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Keep testing teenagers busy

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Rob Parsons shares some insights into testing teenagers.

The most basic reason it is vital to keep our testing teenagers busy is not to use these years to introduce them to the wonders of the arts, great literature, or even for them to become sporting stars. It is simply to make them so exhausted that they don’t have the energy to get into trouble. The very last thing the testing teenager needs is a six-week school holiday where he is at home alone, with no idea what to do on day one, never mind day thirty-one. The same is true of evenings and weekends.

Before you accuse me of encouraging you to control your teenagers so they won’t have time for a social life, let me reassure you that this is the least of your worries – most of them won’t let you do that anyway. It is simply one extra strategy to help you get your child through this turbulent period – especially the younger teenage years. Every hour, every evening, every summer holiday where he or she is involved in some structured leisure pursuit, is one less opportunity for them to drive you or somebody else crazy.

Help them develop a skill

If your child is sporty, then such activities are easier to come by, but we daren’t give up on this strategy even if our teenager couldn’t score a goal to save his life. It doesn’t have to be expensive, or involve you in a constant shuttle from scouts, to karate, from piano to ballet. The main ingredients are structure. It needs to be an activity they enjoy that involves meeting others, a level of commitment and developing a skill. But before you rush out and buy that musical instrument, remember that it may not turn out exactly as you imagine. Your hope is to see Carl plucking away at a Spanish guitar as part of the National Youth Orchestra. What actually happens is that he gets together most nights of the week with three mates who manage to murder the finest heavy metal music ever written!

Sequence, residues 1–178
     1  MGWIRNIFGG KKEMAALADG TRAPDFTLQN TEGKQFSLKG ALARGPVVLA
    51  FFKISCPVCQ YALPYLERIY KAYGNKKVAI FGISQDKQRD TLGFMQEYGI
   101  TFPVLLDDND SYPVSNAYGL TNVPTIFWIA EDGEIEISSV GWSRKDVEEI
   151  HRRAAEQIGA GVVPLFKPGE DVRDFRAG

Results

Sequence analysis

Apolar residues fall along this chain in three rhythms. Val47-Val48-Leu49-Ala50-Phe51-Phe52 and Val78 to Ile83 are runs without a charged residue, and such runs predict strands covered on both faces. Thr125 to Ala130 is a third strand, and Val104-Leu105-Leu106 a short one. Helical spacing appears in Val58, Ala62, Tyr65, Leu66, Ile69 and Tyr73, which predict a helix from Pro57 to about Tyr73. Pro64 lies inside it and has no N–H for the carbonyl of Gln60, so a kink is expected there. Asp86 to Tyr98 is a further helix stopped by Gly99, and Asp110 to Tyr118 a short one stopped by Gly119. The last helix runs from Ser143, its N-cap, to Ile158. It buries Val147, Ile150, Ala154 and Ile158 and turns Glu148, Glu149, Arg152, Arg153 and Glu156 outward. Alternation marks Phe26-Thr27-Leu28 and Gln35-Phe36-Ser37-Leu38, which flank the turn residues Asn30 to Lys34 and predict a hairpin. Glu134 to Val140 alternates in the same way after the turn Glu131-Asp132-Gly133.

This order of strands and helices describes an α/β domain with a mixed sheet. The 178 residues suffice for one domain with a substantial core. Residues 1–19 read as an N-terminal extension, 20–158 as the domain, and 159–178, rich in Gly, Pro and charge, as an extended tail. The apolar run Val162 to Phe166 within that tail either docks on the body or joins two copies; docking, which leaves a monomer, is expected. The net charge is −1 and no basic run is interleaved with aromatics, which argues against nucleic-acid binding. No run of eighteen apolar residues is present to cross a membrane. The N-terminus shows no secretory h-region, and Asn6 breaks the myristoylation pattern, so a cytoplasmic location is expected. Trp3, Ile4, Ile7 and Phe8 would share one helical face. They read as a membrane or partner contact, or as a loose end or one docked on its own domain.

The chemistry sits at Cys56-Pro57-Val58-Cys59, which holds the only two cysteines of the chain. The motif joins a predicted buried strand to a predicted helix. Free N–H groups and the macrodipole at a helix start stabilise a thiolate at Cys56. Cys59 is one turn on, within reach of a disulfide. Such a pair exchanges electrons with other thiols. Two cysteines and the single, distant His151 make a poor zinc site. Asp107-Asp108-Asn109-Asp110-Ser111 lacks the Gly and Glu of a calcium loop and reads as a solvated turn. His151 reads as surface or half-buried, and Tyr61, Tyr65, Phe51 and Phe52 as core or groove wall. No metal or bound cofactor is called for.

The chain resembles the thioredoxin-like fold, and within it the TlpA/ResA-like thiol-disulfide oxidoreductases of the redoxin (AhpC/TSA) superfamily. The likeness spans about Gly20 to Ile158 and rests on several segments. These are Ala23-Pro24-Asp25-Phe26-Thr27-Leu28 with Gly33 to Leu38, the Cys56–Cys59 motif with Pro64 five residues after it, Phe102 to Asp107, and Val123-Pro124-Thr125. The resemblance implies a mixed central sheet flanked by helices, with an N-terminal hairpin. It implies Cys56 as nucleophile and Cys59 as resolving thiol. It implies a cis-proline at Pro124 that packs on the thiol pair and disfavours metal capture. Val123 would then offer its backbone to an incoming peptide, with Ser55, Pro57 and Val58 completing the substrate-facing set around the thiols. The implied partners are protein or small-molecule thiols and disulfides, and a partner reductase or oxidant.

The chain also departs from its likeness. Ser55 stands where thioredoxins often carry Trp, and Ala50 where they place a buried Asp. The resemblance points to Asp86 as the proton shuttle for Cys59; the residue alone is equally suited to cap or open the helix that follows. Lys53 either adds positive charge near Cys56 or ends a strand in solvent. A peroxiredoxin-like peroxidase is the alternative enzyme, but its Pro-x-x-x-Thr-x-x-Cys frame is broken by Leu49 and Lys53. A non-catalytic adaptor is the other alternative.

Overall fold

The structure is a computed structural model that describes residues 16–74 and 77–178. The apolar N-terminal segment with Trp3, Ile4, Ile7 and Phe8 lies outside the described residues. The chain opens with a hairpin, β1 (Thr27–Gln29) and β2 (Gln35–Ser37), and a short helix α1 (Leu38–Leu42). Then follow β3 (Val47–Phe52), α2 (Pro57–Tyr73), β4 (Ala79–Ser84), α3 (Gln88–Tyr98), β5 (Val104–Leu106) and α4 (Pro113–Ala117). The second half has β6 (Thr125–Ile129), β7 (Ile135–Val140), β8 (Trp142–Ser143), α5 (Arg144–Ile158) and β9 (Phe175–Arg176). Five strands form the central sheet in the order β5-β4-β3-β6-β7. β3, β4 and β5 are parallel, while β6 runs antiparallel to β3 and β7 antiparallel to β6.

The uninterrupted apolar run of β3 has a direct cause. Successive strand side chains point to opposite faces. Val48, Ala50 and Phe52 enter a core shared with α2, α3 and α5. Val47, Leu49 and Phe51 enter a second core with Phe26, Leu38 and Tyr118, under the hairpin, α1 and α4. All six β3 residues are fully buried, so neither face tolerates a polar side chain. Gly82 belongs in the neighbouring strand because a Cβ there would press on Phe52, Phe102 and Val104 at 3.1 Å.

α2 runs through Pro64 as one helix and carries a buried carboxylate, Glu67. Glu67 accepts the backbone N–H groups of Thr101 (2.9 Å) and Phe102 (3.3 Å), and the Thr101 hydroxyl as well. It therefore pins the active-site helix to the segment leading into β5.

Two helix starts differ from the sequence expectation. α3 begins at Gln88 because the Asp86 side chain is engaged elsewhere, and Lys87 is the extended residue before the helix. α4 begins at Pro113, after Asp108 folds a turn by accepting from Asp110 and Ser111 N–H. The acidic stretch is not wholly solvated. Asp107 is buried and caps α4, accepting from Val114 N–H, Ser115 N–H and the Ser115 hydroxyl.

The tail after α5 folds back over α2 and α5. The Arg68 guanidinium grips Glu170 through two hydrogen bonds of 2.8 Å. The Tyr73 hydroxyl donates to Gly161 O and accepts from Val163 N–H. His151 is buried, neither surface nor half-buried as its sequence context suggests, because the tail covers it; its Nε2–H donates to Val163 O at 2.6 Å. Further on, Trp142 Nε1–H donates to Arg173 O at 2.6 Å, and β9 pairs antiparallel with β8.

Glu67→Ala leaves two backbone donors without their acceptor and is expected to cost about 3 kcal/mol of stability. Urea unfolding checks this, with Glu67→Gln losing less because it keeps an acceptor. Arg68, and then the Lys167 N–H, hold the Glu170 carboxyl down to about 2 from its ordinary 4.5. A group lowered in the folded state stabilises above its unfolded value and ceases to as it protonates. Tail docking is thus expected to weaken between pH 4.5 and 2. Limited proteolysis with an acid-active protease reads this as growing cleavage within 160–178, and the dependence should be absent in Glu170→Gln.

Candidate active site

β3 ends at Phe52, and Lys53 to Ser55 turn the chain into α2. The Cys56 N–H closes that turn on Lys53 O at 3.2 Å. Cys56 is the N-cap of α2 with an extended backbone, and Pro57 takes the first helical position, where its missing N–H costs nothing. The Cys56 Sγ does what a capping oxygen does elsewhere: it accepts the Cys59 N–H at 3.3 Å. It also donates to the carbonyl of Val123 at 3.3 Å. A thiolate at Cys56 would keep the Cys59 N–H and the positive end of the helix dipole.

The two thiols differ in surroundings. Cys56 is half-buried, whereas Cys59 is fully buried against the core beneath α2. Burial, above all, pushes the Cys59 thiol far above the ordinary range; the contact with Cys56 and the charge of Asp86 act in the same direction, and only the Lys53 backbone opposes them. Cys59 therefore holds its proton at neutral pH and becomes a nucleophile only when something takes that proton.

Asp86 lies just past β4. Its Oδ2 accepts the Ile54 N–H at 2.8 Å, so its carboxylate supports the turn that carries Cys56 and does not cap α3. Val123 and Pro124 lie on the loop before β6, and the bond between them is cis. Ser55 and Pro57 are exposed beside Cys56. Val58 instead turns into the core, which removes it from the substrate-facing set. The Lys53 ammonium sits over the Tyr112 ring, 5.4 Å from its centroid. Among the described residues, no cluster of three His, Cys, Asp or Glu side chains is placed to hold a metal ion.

Build their confidence

There’s another reason this is important – and it’s not just about keeping them busy. It has to do with dignity. When we help our teenagers develop a skill, we give them a sense of self-worth that may help them resist some of the more dangerous pressures to gain acceptance by their peers.

When we help our teenagers develop a skill, we give them a sense of self-worth.

Having a skill builds confidence, gives purpose, and in the case of a testing teenager who shares a home with a compliant sibling, may just save the day. The reason behind this is not hard to fathom. That testing teenager lives all her life with the knowledge that in most of the categories of family life her compliant sibling scores ‘A’s. She’s not stupid; she knows her parents love her sister’s sunny disposition and the way she’s always asked to take the lead in school plays. She watches in despair as her sister helps around the house, cleans out the rabbit cage, and greets guests and makes them coffee. And all of this creates two opposing emotions in her. First, she sometimes thinks she hates her sister for being such a creep, but second, another part of her longs for the acceptance and praise that she senses her sister enjoys from her parents. She believes there is nothing in her life that her sister can’t do better than her.

But now she has taken up ice-hockey. She’s at the rink at least three evenings a week, and she can’t remember now how she had so much time to hang around every evening outside the local corner shop. Every weekend she’s in a match. And the really cool thing is that she knows her parents are proud of her. They still have loads of rows in the house and her goody-two-shoes sister is still top of the pile in every other category – except for this. And when she scores a goal or even just makes a great pass, she senses her parents on the rink-side, smiling … And it makes her feel warm inside and kind of special.


Adapted from Teenagers! What Every Parent Has to Know by Rob Parsons